The problem, as ever, is money. In the first place, many millions of pounds are spent on public sector information being produced in many different languages. This, naturally enough, lifts the necessity to learn English. Why bother if everything is provided in your language with an interpreter if you really want it?
When I did jury service, interpreters were being provided for the accused because they allegedly spoke only Jamaican patois, whatever that may be.
Secondly, there is the problem of the English as Second Language (or, as it is known now, English for Speakers of Other Languages) classes. These have existed inside and outside schools and colleges for some time. There are those you can pay for, those you can pay for a great deal of money and those you can get free.
Last year, it was decided to cap spending on ESOL:
The government capped spending on Esol (English for speakers of other languages) last summer after it trebled over the previous five years to £300m a year, amid protests from teaching unions, colleges and other teaching organisations.One must admit that there is some difficulty there. If the spending has been shooting up like that why are there still so many long-term residents in this country who cannot fulfill their burning ambition to make a contribution to Britain.
What seems to have happened is that the places have been taken up with short-term economic migrants or, in other, non-jargon, words, East Europeans who come here to get jobs, earn some money and learn English. It is a little unclear from the accounts which places they had taken up.
The free ones are for those on benefit, whereas we are talking about people who come here to get jobs. Could it be that these people, who are supposed to be undercutting English workers by accepting lower wages are actually spending part of their money on English lessons?
People who do not speak English now have to pay a contribution to the course fees - 37.5%, rising to 50% in 2010. A typical Esol course costs around £900.This is not what the government wants to see as those places are supposed to be for the long-term settlers, even if these do not take jobs or earn money. The government and Mr Denham in particular want to see some changes:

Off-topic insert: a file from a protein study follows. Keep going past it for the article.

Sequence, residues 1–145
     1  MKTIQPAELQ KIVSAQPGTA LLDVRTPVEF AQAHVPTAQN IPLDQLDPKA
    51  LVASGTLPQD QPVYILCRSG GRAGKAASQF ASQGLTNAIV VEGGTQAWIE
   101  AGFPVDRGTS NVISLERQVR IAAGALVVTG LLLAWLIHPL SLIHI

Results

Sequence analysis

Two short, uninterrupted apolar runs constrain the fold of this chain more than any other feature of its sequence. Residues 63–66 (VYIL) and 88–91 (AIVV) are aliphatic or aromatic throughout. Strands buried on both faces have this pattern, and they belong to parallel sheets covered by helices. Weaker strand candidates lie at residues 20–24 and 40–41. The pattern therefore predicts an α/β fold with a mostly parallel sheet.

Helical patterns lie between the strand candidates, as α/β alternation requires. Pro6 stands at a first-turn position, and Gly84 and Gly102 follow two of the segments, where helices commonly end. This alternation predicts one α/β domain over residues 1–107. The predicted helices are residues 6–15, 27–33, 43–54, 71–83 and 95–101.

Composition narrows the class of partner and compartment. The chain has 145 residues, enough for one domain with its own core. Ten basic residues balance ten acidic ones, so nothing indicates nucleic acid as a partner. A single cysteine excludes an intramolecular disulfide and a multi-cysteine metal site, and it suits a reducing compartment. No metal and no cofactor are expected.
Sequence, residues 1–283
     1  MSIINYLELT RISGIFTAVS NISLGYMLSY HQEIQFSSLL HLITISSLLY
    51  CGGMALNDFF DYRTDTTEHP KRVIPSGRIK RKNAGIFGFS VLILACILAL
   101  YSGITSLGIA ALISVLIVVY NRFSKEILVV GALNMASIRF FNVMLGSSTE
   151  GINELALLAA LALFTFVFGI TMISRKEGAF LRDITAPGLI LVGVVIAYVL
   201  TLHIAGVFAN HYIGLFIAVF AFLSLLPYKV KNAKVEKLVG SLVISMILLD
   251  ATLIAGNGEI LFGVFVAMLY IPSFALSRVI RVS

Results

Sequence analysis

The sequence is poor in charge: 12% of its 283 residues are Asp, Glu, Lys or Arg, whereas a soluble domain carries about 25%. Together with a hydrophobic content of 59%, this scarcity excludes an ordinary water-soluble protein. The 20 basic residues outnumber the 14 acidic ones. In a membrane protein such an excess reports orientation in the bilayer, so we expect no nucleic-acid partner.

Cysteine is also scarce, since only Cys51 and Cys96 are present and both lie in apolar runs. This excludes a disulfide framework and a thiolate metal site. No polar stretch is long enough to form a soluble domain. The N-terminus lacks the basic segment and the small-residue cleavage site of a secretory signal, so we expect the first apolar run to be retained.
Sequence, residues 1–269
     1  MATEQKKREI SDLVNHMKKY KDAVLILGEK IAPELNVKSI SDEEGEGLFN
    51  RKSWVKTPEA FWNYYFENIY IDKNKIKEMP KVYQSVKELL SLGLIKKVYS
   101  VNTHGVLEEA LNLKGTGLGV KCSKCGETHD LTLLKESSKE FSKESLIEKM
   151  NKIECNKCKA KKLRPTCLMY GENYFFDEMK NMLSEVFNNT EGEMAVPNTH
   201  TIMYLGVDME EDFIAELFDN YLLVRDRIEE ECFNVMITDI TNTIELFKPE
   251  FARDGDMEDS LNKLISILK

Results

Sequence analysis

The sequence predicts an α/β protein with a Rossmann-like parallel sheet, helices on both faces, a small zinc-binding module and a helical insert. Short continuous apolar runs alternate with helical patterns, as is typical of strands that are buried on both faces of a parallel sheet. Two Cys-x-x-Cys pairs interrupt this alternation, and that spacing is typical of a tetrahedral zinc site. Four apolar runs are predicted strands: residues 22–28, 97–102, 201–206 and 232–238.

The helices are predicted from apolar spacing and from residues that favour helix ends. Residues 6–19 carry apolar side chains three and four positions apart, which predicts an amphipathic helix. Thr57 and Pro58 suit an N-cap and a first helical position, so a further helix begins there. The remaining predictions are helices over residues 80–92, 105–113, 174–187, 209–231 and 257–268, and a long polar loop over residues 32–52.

Denham said that the government's national priorities for Esol funding include legal immigrants expected to stay in the country for the foreseeable future; women who had been excluded, for some reason, from classes, particularly those with children under the age of 16; parents or carers within families at risk of multiple or complex problems; people with no or minimal literacy in their own language; people without secondary education; and refugees and asylum seekers still in the country beyond six months, awaiting a decision on their status or who cannot return home.A goodly proportion of those people are not going to take up the free classes, no matter how available they are and, when it comes to the women, they will not be allowed to do so by their menfolk, which will continue to cause problems.
We are, in other words, going round in circles. The only thing that the government might introduce is compulsory payment for ESOL classes to be made by the East Europeans and there we may run into difficulties with the EU, since it is clear discrimination.
The idea, however, that the government can solve problems of social cohesion as the latest modish expression has it by “targeting” certain groups that have had every opportunity to learn English but have not done so, is the purest moonshine.
Oh, and while we are on the subject, could we have all children learning English at school? Tweet